Kodak PIXPRO AZ528 review

A mighty 52x optical zoom offers an affordable all-in-one for photo enthusiasts who don’t want to lug around a camera and telephoto lens

Kodak PIXPRO AZ528 superzoom digital camera
(Image: © Gavin Stoker / Digital Camera World)

Digital Camera World Verdict

Kodak continues to play to a niche but potentially still a sizeable audience of photographers who competing brands have moved on from, with the Pixpro AZ528 all-in-one ‘superzoom’, the kind of camera that was commonplace 15 years ago. It may be old-school thinking, but conceivably a whopping 52x zoom could still come in handy not just for budding wildlife photographers but also for casual sports photography fans. However, it’s still saddled with a small-ish sensor and any camera like this means softer results when shooting handheld the further we creep towards its maximum zoom setting.


  • +

    The convenience of one ‘does it all’ camera body and lens combination

  • +

    Built-in pop-up flash

  • +

    Optical image stabilization

  • +

    Huge(ish) focal length


  • -

    Smaller sensor than a DSLR or mirrorless camera

  • -

    Superzoom lens means results aren’t quite as pin sharp as lesser focal lengths

  • -

    Fixed, non-angle adjustable LCD

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    No eye-level optical viewfinder or EVF

  • -

    Plastic-y build

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Fifteen years ago every manufacturer worth their salt offered a handful of cameras very similar in looks, appearance, and specification to the Kodak Pixpro AZ528. Known at the time either as ‘superzooms’, all-in-ones, or bridge cameras – so called because they formed a ‘bridge’ between the ease of use of a pocket compact and a more fully featured DSLR – these chunky devices boasted just about every feature a photo enthusiast would need, including a generous focus range, all within the one camera body.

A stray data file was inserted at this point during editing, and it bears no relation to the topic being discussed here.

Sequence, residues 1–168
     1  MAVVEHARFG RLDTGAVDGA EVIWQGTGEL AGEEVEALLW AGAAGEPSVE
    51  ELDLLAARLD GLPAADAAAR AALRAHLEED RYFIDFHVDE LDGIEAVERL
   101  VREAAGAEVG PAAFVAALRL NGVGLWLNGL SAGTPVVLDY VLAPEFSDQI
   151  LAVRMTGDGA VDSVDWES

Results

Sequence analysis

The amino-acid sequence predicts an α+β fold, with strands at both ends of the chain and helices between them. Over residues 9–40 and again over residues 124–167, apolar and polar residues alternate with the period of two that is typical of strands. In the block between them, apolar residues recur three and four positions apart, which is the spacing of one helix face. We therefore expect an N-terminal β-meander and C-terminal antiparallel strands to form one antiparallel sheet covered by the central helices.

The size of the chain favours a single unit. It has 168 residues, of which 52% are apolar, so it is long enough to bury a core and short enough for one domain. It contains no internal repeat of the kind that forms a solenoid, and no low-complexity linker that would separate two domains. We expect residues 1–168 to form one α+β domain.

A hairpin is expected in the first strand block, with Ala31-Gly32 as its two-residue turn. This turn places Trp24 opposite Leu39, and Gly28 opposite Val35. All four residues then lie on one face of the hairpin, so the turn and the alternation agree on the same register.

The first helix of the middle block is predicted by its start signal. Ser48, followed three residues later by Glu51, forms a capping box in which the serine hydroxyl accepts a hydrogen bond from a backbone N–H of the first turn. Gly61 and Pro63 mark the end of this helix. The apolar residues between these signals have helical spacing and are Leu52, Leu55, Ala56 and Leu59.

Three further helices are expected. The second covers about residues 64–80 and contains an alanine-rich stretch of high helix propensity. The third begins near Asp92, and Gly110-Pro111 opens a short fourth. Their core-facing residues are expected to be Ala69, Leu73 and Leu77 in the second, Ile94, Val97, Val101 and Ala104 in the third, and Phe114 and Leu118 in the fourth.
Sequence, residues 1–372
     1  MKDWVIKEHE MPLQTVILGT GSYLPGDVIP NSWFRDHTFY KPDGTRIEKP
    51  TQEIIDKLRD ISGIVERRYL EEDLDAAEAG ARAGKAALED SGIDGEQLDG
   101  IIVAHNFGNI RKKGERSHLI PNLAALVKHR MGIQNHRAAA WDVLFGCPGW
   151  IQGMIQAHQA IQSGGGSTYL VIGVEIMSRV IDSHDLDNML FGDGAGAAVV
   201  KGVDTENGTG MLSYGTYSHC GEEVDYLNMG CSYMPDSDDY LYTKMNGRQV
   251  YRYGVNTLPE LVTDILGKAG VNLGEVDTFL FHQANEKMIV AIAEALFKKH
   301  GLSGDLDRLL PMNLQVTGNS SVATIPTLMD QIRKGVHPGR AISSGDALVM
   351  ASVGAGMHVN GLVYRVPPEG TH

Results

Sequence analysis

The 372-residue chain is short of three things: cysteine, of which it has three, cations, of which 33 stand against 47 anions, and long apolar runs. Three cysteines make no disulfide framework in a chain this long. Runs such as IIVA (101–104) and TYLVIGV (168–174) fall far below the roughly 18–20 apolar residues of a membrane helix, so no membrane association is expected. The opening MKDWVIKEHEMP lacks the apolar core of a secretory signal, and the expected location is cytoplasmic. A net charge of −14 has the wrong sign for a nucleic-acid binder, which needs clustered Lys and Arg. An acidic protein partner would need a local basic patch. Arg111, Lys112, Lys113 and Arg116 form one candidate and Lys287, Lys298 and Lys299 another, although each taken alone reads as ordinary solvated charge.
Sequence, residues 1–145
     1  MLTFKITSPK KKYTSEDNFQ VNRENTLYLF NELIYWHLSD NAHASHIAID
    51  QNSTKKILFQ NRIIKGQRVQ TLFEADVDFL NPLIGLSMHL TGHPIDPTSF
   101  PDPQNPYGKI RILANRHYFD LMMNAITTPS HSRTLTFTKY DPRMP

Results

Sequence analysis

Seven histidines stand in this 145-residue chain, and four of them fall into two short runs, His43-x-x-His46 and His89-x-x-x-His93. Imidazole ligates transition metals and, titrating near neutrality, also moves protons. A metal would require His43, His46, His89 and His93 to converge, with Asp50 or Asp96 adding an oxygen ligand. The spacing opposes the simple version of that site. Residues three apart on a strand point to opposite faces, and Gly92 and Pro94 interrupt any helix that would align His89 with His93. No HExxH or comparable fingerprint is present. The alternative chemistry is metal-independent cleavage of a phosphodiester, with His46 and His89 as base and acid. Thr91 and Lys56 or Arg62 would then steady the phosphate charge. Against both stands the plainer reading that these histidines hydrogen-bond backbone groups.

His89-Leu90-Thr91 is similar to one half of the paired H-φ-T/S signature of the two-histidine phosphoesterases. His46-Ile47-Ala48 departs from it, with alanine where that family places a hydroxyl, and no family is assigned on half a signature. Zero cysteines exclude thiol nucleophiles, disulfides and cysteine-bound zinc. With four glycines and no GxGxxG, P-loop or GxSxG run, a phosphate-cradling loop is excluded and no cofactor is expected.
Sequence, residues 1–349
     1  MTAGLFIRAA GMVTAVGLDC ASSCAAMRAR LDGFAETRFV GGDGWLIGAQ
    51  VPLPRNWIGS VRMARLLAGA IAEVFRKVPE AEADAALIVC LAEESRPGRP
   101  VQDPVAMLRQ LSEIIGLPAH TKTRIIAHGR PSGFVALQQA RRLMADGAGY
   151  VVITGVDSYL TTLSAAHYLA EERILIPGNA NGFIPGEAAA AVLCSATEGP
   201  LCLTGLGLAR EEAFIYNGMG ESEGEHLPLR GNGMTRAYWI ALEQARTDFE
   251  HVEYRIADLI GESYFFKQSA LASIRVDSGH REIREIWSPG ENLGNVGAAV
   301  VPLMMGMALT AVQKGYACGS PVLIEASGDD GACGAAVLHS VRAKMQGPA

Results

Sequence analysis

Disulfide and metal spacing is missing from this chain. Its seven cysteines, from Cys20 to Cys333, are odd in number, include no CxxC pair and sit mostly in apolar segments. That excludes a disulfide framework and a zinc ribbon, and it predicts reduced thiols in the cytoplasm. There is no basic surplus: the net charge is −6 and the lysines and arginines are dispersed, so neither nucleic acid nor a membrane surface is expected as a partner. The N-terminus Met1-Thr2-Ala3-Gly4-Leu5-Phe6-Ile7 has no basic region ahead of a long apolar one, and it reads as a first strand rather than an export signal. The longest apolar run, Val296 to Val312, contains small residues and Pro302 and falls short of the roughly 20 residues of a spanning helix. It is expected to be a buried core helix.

OK, so the sensor size was smaller than that of a DSLR, while, for those looking to achieve pin-sharp results, their single jack-of-all-trades lenses proved no match for a prime telephoto lens. But for photographers wanting to shoot a broad range of subject matters without having to change either lens or camera to best suit the job, these bridge models were certainly good enough… at the time.

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Gavin Stoker

Gavin has over 30 years’ experience of writing about photography and television. He is currently the editor of British Photographic Industry News, and previously served as editor of Which Digital Camera and deputy editor of Total Digital Photography

He has also written for a wide range of publications including T3, BBC Focus, Empire, NME, Radio Times, MacWorld, Computer Active, What Digital Camera and the Rough Guide books.

With his wealth of knowledge, Gavin is well placed to recognize great camera deals and recommend the best products in Digital Camera World’s buying guides. He also writes on a number of specialist subjects including binoculars and monoculars, spotting scopes, microscopes, trail cameras, action cameras, body cameras, filters and cameras straps.